This EKG comes courtesy of Dr. Elias Youssef.
A 66 year old Female with a history of hypertension and hyperlipidemia, presented with abdominal pain radiating to the back and left lower extremity. The pain was sudden onset just prior to arrival.
Her EKG is below.
1. What does the EKG demonstrate?
2. How would you manage this patient?
The EKG shows ST elevations in leads II, III and aVF as well as V4-V6 with reciprocal depressions in I and aVL as well as R waves and ST depressions in leads V1-V3, suggesting an infero-postero-lateral STEMI.
The patient’s symptoms were concerning for an aortic dissection which was confirmed on U/S and CT. The patient was taken to the OR.
The EKG shows ST elevations in leads II, III and aVF which suggests an inferior wall MI. There are also ST elevations in leads V4-V6 suggesting lateral wall involvement as well. In addition, the findings of R waves with ST depressions in leads V1-V3 suggest posterior wall involvement.
Remember that ST elevations are not 100% specific for MI and can be mimicked by other disease processes. This patient’s history was concerning for an aortic dissection. If a dissection extends backwards towards the coronary arteries and causes a coronary artery dissection, ST elevations can be manifested on EKG. The most common artery involved in a retrograde dissection is the Right Coronary Artery. This will usually cause ST elevations in the inferior leads.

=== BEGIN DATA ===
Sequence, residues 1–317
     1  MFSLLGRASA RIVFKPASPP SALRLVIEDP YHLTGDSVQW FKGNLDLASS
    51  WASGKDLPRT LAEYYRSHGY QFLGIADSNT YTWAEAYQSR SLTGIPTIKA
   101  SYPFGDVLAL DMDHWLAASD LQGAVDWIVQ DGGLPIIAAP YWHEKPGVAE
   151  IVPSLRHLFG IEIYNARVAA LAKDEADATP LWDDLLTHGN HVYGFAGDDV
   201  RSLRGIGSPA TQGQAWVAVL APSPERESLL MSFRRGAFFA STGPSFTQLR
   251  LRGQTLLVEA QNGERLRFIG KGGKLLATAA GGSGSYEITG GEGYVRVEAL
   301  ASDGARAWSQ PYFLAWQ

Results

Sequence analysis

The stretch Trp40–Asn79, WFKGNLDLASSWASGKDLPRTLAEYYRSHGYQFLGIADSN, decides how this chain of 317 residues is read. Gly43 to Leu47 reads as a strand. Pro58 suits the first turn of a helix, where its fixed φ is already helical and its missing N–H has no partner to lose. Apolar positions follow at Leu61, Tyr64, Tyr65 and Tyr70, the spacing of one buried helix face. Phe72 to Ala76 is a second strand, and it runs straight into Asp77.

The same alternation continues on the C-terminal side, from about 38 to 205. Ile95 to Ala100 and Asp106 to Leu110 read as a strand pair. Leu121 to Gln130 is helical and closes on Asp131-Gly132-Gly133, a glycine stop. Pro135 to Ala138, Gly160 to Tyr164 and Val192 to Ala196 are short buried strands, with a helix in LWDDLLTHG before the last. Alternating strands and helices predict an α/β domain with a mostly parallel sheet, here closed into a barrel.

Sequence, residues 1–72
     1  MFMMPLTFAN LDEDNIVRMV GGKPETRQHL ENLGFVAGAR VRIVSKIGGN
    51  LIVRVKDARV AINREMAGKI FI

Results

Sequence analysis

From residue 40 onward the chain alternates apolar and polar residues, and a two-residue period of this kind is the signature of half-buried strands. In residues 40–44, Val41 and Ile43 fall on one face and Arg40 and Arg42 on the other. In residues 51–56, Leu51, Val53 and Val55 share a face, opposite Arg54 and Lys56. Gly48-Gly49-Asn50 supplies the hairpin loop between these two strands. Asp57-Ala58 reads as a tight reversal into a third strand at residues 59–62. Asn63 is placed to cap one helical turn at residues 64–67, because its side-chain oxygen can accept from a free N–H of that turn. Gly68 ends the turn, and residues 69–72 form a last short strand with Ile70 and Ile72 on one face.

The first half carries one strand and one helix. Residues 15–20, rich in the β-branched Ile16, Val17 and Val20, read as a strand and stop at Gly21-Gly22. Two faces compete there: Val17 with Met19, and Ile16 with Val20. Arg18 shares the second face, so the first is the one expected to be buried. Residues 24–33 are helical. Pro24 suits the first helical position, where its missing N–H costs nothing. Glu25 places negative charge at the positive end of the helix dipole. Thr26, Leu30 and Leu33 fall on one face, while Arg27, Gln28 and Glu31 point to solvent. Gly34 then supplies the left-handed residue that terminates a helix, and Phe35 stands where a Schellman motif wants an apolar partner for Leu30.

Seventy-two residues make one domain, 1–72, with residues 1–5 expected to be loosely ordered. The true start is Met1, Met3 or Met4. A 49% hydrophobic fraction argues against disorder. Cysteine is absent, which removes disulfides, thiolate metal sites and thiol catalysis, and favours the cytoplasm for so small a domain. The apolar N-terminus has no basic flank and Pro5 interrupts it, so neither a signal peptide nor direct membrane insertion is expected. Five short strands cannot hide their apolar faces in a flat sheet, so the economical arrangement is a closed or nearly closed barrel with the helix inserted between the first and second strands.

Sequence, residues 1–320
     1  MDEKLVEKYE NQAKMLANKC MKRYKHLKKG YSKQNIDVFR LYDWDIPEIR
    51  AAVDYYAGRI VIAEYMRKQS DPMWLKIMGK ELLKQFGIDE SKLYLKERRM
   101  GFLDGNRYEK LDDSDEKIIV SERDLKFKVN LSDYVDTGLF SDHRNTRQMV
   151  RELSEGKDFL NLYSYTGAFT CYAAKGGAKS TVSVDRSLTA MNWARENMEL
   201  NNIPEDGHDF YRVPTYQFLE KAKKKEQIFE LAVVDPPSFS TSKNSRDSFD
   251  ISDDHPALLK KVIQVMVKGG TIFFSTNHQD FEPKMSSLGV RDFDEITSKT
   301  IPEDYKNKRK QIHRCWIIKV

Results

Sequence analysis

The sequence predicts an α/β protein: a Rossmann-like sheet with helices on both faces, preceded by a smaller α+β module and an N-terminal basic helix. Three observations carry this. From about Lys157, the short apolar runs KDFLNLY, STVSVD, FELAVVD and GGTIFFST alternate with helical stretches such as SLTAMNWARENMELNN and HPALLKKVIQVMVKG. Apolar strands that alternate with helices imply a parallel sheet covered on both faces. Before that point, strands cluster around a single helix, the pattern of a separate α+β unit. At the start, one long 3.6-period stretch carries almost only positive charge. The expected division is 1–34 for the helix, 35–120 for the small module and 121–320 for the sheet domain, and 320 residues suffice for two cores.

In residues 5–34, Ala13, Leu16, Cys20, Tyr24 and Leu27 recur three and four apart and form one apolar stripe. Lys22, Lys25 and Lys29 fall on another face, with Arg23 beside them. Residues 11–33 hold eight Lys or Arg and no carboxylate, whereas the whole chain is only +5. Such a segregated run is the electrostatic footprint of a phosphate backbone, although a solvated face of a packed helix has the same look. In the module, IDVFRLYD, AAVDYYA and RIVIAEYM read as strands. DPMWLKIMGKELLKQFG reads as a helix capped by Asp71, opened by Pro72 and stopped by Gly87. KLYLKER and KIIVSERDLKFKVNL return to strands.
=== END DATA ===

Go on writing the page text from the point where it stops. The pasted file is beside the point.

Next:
This patient had a bedside ultrasound which showed an aortic dissection flap with no pericardial tamponade. Below is a slice of the patient’s CT scan.
It demonstrated an aortic dissection from the aortic root to the iliac bifurcation with occluded blood flow to the left iliac. The patient was taken to the OR. She was found to have a dissected ascending aorta with a dissected right coronary artery.
Remember to pay attention to the history. It will clue you in to the diagnosis.